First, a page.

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The Israeli military takes months to investigate whether its soldiers committed crimes against Palestinians in the West Bank, deliberately trying to dim chances of any prosecution, an Israeli human rights group claimed Monday. The group, Yesh Din, released a report offering its analysis of more than 130 cases of alleged soldier violence against Palestinians living in the West Bank.
The cases stem from complaints filed by Palestinians in response to alleged offenses committed by Israeli soldiers and officers. Over two years have passed since some of the claims were filed, the report stated. The claims are separate from allegations of war crimes swarming around Israel’s January offensive in Gaza.
While some of the West Bank claims have moved forward, no decision has been made whether to prosecute or drop as many as 76 cases. They have been pending from six months to more than a year and in some, the investigation is still at starting point, according to Yesh Din.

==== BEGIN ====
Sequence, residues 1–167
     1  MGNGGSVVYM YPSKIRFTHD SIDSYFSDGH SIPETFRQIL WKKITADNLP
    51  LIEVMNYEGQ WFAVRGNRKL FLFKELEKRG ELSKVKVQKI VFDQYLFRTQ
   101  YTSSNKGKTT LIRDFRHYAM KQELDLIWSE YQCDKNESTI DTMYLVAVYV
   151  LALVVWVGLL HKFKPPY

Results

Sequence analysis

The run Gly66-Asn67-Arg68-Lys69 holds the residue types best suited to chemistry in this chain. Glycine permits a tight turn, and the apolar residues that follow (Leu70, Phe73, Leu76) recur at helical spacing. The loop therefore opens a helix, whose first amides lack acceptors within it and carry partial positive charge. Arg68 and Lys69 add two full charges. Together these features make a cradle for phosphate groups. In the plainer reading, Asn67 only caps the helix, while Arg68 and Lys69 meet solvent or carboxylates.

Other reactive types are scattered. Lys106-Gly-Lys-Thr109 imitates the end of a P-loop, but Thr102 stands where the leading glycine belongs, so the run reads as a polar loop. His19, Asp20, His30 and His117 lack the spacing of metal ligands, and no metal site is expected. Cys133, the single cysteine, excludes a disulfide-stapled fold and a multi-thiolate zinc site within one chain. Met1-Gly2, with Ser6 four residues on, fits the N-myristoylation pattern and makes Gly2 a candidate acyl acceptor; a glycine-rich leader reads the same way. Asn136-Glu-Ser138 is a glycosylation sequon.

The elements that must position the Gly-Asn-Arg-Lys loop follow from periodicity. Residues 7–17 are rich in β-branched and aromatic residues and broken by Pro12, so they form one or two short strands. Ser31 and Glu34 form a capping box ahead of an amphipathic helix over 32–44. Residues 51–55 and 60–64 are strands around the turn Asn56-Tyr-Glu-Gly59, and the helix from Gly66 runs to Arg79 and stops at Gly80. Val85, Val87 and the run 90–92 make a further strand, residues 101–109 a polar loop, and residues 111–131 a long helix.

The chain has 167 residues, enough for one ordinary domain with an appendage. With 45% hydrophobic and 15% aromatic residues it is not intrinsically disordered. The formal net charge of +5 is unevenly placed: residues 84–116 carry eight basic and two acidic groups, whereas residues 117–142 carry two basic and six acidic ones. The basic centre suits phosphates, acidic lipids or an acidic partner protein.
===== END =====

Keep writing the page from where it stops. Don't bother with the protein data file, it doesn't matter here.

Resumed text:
In one case — the killing of a 17-year-old boy near Bethlehem — the military has yet to decide whether to launch a criminal investigation, Yesh Din said.
More from Ken Silverstein:
Perspective — October 23, 2013, 8:00 am
How pro-oil Louisiana politicians have shaped American environmental policy
Postcard — October 16, 2013, 8:00 am
A trip to one of the properties at issue in Louisiana’s oil-pollution lawsuits
Percentage increase in the annual number of polio cases in Pakistan since 2005:
A bowl of 4,000-year-old noodles was found in northwestern China; and a spokesman for the Chinese Academy of Sciences said that “this is the earliest empirical evidence of noodles ever found.”
A federal judge sentenced the journalist Barrett Brown to 63 months in prison for sharing a link to information stolen from the private-intelligence firm Stratfor by a hacker in 2011. “Good news!” Brown said in a statement. “They’re now going to send me to investigate the prison-industrial complex.”
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“I hope that after reading the following pages the leaders of the Y. M. C. A. will start a campaign to induce good young men to do nothing. If so, I shall not have lived in vain.”